A Clockwork Orange: A Vision of the Future

On a nochy, Your Humble Narrator Alex, a malchick not poogly of Bog or millicents and govoreeting in nadsat speak, peets chai in Korova Milkbar and then like goolys around the streets with his droogs to crast deng and cars. The banda removes platties including neezhnies from a ded and horrorshow shalagas his rot. They like drat another shaika’s nadsats and shives them with ozhs until horrorshow krovvy drip drip drip.

But when Alex tolchocks a baboochka with kots and koshkas and she snuffs it, he is loveted and sent to the Staja. To oodakeet jail earlier, he agrees to the Reclamation Treatment. And he viddys sinny of nadsats tolchocking deds and baboochkas and Nazis oobivating Yahoodys and all that cal until he would bolnoy at thinking of tolchocking another veck. He even wants to sick when he slooshys Ludwig Von’s Symphony No 9 and Wolfgang Amadeus’s Symphony No 41.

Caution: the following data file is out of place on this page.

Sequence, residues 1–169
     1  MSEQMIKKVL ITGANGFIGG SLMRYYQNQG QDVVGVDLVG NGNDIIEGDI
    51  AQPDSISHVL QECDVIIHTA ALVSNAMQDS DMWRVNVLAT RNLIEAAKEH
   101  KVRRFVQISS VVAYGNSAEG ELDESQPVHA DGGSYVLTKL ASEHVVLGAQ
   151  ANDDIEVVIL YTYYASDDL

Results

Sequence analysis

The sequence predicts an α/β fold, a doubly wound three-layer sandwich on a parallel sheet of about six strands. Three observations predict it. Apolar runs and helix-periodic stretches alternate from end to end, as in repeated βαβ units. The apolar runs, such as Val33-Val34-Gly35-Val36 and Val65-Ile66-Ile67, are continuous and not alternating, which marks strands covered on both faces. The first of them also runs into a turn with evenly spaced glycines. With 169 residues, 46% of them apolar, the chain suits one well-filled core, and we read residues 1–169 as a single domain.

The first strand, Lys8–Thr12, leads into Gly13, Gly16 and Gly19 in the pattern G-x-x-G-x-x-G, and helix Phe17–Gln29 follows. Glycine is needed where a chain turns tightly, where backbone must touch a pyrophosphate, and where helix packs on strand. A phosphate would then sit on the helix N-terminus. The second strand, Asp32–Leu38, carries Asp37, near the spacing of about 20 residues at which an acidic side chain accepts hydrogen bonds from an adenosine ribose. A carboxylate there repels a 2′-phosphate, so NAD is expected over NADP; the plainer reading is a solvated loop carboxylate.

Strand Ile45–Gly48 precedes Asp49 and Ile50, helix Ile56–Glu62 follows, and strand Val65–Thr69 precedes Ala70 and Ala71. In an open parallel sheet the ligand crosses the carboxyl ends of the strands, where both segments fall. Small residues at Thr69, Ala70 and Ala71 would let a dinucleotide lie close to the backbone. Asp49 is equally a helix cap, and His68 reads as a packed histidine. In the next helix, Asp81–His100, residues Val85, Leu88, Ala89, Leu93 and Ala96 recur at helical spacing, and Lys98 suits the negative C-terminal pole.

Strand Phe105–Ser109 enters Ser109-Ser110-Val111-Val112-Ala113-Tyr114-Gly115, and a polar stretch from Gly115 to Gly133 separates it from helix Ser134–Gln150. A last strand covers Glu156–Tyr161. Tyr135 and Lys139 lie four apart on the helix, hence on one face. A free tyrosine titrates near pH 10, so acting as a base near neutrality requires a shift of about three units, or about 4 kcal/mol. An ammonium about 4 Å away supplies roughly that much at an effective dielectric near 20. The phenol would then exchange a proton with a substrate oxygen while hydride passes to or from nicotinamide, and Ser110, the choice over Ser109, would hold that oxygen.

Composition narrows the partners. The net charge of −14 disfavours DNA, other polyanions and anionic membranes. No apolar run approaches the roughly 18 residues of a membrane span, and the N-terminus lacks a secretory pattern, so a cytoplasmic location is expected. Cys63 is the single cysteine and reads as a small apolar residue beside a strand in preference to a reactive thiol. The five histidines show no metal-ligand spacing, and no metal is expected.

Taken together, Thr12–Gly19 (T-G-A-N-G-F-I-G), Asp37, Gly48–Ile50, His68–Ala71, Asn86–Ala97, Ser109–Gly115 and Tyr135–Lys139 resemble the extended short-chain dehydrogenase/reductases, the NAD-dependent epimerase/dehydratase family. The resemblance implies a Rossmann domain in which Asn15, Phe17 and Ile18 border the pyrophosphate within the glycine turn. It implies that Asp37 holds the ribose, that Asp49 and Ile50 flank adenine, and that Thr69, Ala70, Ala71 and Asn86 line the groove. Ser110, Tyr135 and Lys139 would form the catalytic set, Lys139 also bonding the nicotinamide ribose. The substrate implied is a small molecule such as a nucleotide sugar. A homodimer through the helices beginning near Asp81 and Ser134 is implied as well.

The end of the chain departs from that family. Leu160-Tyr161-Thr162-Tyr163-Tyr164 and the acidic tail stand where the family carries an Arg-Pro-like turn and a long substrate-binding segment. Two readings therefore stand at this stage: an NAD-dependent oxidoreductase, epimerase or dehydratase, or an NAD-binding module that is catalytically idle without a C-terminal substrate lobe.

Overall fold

At one level, A Clockwork Orange is about the horror of teenage violence but at another, the dystopian novel is about the terror of a government trying to reengineer socially acceptable individuals. Anthony Burgess in the last chapter seems to imply that when teenagers grow up, the energy that drove them toward violence would propel them to construct society.  Whether the reader believes such a thesis, the novel would give food for thought.

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